So there I was, suitcase in hand, with about one dollar in small change left to my name, no ticket and no way to get inside. I went to the ticket office and told them who I was. I wasn't on the list.

There was NO WAY I was getting inside. No tickets were available. I tried to explain that I had flown in from New York, and how desperate I was to get in. After all, they were supposed to go on at around 8:00, and it was already almost 9:00. I didn't want to miss any of it.

Suddenly Gary Kenton, the Warner Brothers publicist, materialized and I caught him and told him about my dilemma. He looked at me, looked at my suitcase, and said, "Of course we'll let you in, John."

He whisked me past the door security as it were the most natural thing in the world that I be there. I was never as grateful for a favor from a publicist.

Once I got inside, the scene was as bizarre as it was outside. Half the audience was standing on their seats, screaming at the sound crew to take the tape off. It was Alice Cooper: "Killer," one of my favorite records of all time! Everyone else was sitting in their seats and looked like they had been waiting a long time.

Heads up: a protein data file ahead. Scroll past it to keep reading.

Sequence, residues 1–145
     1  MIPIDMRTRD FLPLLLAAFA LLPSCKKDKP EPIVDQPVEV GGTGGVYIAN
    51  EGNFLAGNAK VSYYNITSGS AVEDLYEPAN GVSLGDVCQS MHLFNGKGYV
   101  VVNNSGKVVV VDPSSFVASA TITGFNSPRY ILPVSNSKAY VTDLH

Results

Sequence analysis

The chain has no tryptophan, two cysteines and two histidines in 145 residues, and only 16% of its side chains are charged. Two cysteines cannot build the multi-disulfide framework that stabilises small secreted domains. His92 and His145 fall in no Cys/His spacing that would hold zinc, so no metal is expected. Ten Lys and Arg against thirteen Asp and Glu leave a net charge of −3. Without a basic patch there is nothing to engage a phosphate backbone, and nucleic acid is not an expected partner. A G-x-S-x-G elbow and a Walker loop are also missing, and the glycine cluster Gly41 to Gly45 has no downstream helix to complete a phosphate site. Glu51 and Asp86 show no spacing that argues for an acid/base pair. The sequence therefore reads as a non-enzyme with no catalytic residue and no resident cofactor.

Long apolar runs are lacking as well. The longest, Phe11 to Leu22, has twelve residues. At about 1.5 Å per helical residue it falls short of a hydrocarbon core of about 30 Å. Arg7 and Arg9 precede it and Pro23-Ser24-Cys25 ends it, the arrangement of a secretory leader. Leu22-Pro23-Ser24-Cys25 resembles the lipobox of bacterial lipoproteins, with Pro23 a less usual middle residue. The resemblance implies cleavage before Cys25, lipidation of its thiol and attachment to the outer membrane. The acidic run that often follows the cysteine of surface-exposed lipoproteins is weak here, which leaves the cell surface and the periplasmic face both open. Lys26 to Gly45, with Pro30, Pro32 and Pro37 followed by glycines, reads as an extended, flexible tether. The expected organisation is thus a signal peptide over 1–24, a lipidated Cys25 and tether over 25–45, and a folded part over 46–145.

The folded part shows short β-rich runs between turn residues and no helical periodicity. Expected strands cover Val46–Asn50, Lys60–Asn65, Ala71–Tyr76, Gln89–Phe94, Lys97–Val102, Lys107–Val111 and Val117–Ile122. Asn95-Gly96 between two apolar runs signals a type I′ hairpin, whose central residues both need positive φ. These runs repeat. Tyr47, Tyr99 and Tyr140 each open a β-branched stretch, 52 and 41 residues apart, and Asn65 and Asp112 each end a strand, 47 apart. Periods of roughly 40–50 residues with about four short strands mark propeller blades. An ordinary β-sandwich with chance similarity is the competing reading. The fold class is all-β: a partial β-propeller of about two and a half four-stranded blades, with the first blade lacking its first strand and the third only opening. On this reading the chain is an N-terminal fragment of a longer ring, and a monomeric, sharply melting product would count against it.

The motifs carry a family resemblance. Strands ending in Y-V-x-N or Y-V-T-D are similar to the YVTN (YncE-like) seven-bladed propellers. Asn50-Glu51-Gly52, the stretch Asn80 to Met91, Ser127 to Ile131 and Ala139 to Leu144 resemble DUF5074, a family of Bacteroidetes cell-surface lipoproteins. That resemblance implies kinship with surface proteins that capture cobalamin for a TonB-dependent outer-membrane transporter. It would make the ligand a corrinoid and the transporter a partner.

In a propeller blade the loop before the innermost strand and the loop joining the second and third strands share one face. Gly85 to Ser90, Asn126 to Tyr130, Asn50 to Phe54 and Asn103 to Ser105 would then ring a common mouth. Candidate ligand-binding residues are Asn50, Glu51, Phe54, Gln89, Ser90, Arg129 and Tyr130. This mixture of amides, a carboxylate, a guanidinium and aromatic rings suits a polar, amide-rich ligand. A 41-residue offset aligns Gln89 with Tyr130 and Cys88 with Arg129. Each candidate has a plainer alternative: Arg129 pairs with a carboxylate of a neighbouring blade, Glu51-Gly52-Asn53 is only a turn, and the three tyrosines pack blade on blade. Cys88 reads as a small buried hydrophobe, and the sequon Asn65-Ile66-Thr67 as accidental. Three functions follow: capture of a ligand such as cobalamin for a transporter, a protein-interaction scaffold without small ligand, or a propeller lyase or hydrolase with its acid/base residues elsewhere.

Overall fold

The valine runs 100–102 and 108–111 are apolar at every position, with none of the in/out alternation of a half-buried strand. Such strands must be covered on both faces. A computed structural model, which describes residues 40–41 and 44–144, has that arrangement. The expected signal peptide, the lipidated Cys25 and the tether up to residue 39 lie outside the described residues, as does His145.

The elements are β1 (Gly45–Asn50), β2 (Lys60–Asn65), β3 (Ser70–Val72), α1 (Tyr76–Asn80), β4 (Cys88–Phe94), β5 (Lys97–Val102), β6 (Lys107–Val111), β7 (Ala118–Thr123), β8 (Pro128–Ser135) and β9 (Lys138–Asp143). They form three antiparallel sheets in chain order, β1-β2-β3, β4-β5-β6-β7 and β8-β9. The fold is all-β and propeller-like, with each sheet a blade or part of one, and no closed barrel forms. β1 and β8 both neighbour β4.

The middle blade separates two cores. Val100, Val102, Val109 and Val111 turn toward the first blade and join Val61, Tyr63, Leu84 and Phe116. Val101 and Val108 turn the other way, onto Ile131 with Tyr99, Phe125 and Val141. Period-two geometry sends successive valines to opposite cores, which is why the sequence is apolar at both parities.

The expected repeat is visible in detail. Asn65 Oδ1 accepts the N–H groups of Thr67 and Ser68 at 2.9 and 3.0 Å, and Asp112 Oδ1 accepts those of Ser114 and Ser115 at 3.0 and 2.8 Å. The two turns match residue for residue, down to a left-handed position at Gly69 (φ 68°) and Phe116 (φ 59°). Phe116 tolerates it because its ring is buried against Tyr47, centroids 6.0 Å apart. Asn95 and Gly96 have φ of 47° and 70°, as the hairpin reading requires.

I asked somebody why they were booing. "TAKE THE FUCKING RECORD OFF YOU ASSHOLES!" He was screaming. "TAKE IT OFF! TAKE IT OFF!!!! ASSHOLES!!!"

"What's the matter with the record?"


While I tried to figure out what was exactly wrong with the picture, I looked around for the film crew. No sign of even a camera. Meanwhile, the Alice Cooper tape kept going on for so long that even I got tired of it!

Finally the Pistols came on, did a lackluster set, and left. I was trying to write the review in my head during the concert. basically I would have said they were good, but not as good as the Ramones. But only later did I find out why they were so low-key during the show….

After the show, I looked around for someone I knew. I saw Joe Stevens (famous rock photog) and talked with him for a while, and he told me which hotel he was staying at. He asked me what I was doing but I had absolutely no idea where I was going or what I would do. I had to get back to the airport, but I figured I would find the film crew or Tom and get a ride with them. By the time I finished looking for them, the place was empty. And it was late. So I was on my own.

I figured I'd walk to the airport. I asked for directions and started to walk. They said it was about fifteen miles. I didn't know how I could make it, but I was gonna try.

So I started walking, and walking and walking. After what seemed like fifteen miles I came to a restaurant. I asked them how far away the airport was. "Oh, about fifteen miles down the road!"

Oh, man. I decided to stick my thumb out and see what happened. I got a ride immediately.

Read all about the Sex Pistols' infamous U.S. tour in "The Harder They Fall" in Punk #14!